William Faulkner’s readers know sense of place is crucial to his fiction.
“We always talk about Faulkner’s ‘postage stamp of native soil’ – that’s his expression – and how most of his fiction seems to have emerged out of that,” said Don Kartiganer, director of the 38th annual Faulkner & Yoknapatawpha Conference at the University of Mississippi.
This year’s conference will stretch the idea of place beyond Mississippi and his fictional Yoknapatawpha.
The theme “Faulkner’s Geographies” will include New Orleans, where the writer spent six months. It’ll encompass Haiti, where the main character of “Absalom, Absalom” developed into manhood.
“As far as geographies go, Faulkner spent time in Hollywood, he spent time in New York City, he spent time in Japan,” Kartiganer said. “He gets in these other places. What happens is we read those other places back into Yoknapatawpha, and we begin to see things in Yoknapatawpha that we might not have seen before.”
From July 17 to 21, fans will gather in Oxford and the University of Mississippi to immerse themselves in the places and boundaries of Faulkner’s fiction.
The theme for this year’s conference is, in part, an acknowledgment that the rest of the world helped shape that “postage stamp of native soil.”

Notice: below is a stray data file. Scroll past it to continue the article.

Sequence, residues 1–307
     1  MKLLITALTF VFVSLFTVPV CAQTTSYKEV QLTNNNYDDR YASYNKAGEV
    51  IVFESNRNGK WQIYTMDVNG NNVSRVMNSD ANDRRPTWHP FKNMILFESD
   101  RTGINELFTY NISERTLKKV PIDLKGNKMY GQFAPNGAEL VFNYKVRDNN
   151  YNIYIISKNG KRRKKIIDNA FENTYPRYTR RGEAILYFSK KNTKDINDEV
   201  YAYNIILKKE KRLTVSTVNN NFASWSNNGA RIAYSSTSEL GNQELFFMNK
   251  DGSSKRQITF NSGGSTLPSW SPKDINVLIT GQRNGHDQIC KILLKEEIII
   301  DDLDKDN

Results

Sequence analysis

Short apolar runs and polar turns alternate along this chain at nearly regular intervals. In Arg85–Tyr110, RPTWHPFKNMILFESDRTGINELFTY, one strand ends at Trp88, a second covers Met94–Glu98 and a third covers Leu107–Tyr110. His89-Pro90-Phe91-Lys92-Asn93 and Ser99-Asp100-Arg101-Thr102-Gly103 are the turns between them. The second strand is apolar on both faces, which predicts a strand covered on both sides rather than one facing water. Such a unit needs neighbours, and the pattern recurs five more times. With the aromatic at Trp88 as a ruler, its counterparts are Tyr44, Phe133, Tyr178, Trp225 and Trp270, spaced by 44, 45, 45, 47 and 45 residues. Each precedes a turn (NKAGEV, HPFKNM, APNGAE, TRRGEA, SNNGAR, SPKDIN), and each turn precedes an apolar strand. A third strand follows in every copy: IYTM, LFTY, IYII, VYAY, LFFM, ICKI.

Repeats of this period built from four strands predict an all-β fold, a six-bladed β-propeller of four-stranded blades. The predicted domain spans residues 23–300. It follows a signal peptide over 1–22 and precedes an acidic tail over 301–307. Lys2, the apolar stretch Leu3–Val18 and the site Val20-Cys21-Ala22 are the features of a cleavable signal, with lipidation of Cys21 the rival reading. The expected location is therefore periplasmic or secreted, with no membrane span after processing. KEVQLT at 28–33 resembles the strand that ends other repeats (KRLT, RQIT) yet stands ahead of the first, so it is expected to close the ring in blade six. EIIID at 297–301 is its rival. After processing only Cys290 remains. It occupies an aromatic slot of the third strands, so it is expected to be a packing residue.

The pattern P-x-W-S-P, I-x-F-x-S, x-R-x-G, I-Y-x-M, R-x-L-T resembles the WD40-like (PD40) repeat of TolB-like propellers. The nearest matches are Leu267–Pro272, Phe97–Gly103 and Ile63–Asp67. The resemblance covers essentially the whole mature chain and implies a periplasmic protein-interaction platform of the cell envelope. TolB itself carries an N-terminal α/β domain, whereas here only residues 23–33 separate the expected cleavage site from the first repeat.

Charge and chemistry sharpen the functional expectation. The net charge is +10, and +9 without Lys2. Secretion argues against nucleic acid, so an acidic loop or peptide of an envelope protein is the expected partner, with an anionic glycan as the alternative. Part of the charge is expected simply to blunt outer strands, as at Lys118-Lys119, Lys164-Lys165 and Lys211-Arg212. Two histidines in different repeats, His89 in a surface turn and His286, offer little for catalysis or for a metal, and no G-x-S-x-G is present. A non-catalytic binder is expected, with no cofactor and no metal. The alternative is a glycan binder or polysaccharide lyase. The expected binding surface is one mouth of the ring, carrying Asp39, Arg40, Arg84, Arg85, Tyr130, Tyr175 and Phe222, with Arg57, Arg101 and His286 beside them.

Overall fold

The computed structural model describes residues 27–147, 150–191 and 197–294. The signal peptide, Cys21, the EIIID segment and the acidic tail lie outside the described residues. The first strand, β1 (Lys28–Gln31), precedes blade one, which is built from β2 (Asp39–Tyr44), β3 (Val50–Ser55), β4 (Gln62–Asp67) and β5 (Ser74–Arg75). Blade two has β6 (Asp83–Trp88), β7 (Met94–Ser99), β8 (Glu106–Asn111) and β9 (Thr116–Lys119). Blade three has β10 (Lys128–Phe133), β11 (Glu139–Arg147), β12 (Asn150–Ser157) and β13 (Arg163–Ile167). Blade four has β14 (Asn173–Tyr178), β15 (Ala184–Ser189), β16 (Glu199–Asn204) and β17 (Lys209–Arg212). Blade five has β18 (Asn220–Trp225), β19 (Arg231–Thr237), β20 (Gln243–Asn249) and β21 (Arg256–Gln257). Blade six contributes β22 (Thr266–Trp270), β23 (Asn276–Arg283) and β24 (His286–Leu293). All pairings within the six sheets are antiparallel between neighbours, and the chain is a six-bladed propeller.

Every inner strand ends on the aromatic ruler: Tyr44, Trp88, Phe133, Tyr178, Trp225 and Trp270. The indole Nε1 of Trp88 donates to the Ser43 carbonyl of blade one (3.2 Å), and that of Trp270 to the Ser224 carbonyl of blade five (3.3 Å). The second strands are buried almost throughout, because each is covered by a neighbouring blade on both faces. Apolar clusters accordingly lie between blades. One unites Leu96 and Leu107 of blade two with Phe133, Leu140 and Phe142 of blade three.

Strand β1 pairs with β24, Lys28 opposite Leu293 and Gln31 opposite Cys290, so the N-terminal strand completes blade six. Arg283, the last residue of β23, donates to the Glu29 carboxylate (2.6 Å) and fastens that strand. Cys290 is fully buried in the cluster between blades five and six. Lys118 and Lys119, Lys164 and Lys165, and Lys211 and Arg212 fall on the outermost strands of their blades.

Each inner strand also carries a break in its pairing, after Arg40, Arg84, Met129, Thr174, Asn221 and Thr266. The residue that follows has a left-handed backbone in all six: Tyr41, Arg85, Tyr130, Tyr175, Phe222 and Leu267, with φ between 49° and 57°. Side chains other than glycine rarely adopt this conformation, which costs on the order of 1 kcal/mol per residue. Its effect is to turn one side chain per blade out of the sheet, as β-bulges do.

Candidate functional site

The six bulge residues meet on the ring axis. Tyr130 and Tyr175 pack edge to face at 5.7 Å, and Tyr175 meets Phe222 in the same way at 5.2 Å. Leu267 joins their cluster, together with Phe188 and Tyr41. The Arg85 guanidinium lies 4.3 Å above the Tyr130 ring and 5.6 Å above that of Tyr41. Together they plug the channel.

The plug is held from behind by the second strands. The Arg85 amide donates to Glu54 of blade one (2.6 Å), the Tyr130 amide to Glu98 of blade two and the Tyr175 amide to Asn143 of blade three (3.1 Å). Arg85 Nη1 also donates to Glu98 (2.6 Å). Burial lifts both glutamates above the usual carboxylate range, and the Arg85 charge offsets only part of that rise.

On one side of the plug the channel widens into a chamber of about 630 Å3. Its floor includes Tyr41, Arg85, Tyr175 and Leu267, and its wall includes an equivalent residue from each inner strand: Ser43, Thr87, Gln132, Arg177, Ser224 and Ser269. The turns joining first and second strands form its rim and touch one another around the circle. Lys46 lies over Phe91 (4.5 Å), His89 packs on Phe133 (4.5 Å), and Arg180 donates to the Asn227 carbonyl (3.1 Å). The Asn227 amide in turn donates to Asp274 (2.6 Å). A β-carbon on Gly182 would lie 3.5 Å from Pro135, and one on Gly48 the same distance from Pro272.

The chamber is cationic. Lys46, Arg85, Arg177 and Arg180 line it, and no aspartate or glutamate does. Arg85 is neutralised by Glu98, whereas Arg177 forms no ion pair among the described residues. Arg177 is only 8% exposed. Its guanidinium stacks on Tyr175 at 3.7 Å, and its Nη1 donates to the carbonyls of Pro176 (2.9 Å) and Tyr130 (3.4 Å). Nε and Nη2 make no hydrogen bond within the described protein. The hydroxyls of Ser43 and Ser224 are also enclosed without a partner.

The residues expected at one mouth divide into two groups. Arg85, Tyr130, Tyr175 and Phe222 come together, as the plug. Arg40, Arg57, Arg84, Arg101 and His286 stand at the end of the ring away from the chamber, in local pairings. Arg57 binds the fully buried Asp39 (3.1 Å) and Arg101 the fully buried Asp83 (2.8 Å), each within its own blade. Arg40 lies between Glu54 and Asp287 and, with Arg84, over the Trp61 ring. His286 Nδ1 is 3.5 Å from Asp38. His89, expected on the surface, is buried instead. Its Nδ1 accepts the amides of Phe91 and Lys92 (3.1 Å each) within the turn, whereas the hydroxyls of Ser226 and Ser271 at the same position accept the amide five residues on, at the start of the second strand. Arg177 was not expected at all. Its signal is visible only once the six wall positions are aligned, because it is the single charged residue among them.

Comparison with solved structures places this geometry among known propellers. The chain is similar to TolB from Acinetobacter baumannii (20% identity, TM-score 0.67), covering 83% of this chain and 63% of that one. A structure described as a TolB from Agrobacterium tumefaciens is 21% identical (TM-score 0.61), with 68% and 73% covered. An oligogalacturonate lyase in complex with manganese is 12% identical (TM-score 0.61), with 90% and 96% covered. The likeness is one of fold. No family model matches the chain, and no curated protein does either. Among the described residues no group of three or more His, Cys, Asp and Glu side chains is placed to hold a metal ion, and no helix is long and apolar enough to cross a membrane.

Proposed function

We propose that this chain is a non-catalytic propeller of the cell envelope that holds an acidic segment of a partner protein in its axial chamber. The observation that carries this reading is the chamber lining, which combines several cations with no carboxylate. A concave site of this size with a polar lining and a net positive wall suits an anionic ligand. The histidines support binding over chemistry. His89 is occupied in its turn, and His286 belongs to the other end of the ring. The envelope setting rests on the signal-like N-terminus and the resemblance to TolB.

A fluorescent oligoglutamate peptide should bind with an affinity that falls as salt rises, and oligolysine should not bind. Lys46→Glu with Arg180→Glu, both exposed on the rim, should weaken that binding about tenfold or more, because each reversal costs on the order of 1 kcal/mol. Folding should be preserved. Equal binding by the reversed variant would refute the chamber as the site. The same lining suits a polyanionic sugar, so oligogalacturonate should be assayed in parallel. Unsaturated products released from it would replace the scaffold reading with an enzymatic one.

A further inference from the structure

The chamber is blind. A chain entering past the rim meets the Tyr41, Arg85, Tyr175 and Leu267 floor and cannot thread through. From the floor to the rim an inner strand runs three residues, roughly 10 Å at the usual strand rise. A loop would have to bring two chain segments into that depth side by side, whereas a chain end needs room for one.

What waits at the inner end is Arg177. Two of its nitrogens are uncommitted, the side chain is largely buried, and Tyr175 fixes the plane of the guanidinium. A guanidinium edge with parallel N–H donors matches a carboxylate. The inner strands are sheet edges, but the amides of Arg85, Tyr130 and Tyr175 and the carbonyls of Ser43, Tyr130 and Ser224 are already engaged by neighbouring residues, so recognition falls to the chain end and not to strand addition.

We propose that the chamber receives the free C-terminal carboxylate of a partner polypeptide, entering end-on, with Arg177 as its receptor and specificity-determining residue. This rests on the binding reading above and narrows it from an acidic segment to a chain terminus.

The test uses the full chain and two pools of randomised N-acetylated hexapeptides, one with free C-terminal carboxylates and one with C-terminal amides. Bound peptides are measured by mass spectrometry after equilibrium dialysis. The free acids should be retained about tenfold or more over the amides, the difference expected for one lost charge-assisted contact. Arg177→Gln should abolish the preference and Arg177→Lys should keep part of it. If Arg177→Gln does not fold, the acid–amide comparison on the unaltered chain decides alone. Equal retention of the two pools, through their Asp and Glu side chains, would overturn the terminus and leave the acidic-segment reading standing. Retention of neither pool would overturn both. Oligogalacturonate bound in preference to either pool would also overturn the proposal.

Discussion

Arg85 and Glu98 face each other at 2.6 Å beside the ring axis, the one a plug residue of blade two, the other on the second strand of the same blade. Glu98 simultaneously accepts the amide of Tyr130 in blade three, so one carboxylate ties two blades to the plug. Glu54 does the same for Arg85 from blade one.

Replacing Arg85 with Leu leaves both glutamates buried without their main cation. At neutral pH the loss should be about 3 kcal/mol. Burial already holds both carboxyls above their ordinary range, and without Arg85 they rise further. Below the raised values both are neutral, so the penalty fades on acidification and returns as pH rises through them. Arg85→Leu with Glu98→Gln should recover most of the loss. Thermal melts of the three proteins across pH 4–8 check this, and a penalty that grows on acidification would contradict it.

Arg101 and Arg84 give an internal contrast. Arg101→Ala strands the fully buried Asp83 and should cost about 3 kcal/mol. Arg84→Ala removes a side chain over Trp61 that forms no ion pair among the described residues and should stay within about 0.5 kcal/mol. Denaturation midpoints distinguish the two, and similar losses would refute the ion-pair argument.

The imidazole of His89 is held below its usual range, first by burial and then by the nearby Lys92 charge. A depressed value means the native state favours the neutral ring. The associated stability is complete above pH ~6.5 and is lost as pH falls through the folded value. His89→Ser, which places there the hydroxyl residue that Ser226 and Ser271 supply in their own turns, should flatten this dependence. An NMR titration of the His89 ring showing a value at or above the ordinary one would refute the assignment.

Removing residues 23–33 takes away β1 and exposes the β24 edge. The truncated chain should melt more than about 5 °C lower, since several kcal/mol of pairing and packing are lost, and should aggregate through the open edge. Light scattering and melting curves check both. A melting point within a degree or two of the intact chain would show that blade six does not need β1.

“When we read Faulkner, we realize he may be locating a lot of stuff in Mississippi,” said Kartiganer, Ole Miss’ Howry professor of Faulkner studies emeritus, “but Mississippi isn’t the only place where these things happen.”
The conference will include picnics, cocktail parties and other social events.
Barbara Ladd will discuss “Places and Spaces in Faulkner,” Peter Froehlich will explore “The Proper Frontier in Late Faulkner,” and Lorie Watkins Fulton will cover “Women in Motion: Escaping Yoknapatawpha.”
Those and other papers will be presented, and there will be question-and-answer sessions and panel discussions.
“We’re having a special panel called ‘The Curators of Rowan Oak,'” Kartiganer said. “We’ve assembled virtually all of the living curators of Rowan Oak.
“They’ll talk about Faulkner’s house and how it’s evolved. They have some great stories to tell about people who have come to visit and sometimes steal. Stuff has been missing. Not any more, they’re paying much more attention to it, but occasionally stuff has disappeared.”
The conference also has room for Faulkner’s fans to channel their own creativity.
“There’s ‘Faulkner on the Fringe.’ We have an event where people get up and say what they want to say about Faulkner,” Kartiganer said. “They write poetry, sing songs, do dramatic readings. It’s a blast.”
All of the fun will focus on one of the most well-respected writers of the 20th century, and those who cherish his work.
“What you’re getting are a bunch of people, most of whom are not academics, who read Faulkner,” Kartiganer said, “and they really get a kick out of spending five days in Oxford in July.”
from The Republic, Columbus, Indiana; by M. Scott Morris from the Northeast Mississippi Daily Journal